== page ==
Do i have parkinson's disease

I have had several falls in recent months. I have no body strength and my wife has to help me shower dress and sometimes help me get up from a chair. I can now only walk short distances when I go out for my daily walk and feel very tired and weak all the time. When alone if I fall I stay on the ground because my body has no strength to get up.

I go out for a walk each day arm in arm with my wife. But it is becoming more difficult because I soon get tired and stoop and lean to one side as if I have no

spinal strength

I have had cardio tests at the hospital and I spoke to a Cardiologist who says my symptoms are not cardio and almostcertainly neurological. I have high blood pressure but he doesnot want to adjust medication until I have been assessed by aNeurologist.

But as a final cardio check he will arrange for me to have aTilt Test. There will be a delay becausehe does not considerit urgent. The falls caused by sudden drops in blood pressure?

I have been waiting since January for an appointment and now my June appointment has been postponed until July.

I have been put on the list for a cancellation.

Has anyone had similar symptoms?

I do not have any noticeable tremor?

Could it still be Parkinson^s Disease?

Any advice welcome



Hello Sunset907
What a difficult situation for you to be in, my heart goes out to you and your wife. Obviously I am in no position to say what your diagnosis is but I can tell you I have Parkinson’s and prior to my diagnosis I too tended to lean slowly to one side, my right, noticeably when sitting and I often didn’t notice until well past 45° - on one memorable occasion almost squashed the cat who was sitting beside me and who objected loudly. I do not have tremor but was tending to stoop a bit. I did tire more easily as things were taking more effort and I was still working at the time. I didn’t have the loss of body strength you described but I did have reduced fine motor control and strength in my right hand in particular. I hope you get some answers soon so you can get things sorted and regain some quality of life. Let us know how you get on. Take care.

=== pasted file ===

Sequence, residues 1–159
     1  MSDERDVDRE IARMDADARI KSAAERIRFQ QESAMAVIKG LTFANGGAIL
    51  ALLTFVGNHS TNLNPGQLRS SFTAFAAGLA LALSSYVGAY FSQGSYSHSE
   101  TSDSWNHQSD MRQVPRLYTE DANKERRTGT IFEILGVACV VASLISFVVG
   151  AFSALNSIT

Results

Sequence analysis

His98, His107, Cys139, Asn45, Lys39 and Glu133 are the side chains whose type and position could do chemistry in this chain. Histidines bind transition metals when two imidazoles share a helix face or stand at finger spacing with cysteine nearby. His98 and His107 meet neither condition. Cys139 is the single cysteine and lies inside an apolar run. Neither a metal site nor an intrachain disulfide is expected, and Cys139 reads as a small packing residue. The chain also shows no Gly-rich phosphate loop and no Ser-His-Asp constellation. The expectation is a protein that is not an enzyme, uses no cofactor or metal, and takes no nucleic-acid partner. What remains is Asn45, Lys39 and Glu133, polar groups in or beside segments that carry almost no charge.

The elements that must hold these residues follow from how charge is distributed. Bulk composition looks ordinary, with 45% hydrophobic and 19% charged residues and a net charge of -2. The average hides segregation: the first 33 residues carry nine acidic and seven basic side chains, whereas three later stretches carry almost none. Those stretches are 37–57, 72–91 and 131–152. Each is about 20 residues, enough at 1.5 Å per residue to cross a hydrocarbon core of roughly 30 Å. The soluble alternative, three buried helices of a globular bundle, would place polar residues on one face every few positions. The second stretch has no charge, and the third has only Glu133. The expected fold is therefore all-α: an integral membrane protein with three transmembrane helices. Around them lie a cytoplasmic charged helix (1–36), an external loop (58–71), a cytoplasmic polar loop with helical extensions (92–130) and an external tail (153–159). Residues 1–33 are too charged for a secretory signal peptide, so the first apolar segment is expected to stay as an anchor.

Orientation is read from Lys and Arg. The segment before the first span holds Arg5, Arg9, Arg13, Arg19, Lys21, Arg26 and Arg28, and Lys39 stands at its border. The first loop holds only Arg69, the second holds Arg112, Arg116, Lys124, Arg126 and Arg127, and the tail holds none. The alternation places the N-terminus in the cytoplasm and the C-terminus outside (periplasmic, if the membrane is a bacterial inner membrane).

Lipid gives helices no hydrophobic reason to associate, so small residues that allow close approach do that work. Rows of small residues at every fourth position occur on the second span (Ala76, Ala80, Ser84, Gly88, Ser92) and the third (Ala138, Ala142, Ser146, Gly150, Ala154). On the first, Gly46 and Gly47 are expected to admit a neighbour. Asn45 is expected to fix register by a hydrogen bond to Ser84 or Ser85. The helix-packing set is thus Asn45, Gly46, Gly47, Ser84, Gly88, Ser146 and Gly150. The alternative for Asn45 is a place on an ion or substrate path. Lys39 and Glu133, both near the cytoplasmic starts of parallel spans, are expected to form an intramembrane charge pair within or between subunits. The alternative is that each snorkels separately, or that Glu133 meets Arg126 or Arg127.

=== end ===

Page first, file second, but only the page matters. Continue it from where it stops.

Hi and welcome to the forum @sunset907

I’m sorry to hear you are having so much difficulty. It must be very worrying, especially when you don’t know where to turn.

Parkinson’s is different for everyone and it can sometimes be difficult to separate symptoms of Parkinson’s from those of other conditions. There is no definitive test at the moment either, but do talk to your doctor about what you experiencing so that everything can be taken into consideration. I hope that during your July visit you will get some answers.

Meanwhile, it would be useful to start recording your symptoms in a diary. This will be very useful as a starting point for discussion and help you feel you are doing something while you wait.

Some of the most common symptoms of Parkinson’s are tremor, slowness of movement, falls and dizziness, and muscle stiffness or cramps. Do read this page that may answer some of your questions.

We aren’t able to diagnose you here, but we can point you towards the resources you might need. We’re also confident that our members will be a great source of support and reassurance, as @Tot has already been.

I’d encourage you to explore the Parkinson’s UK website for more information on how Parkinson’s is diagnosed. We also have an incredible team of advisers on our helpline at 0808 800 0303.

Best wishes,
Forum Moderation Team

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28/6/21 You have mentioned you are taking blood pressure medication. You can search online for any case reports of parkinsonian symptoms caused by this drug. Below some references on criteria & assessments etc. which may be useful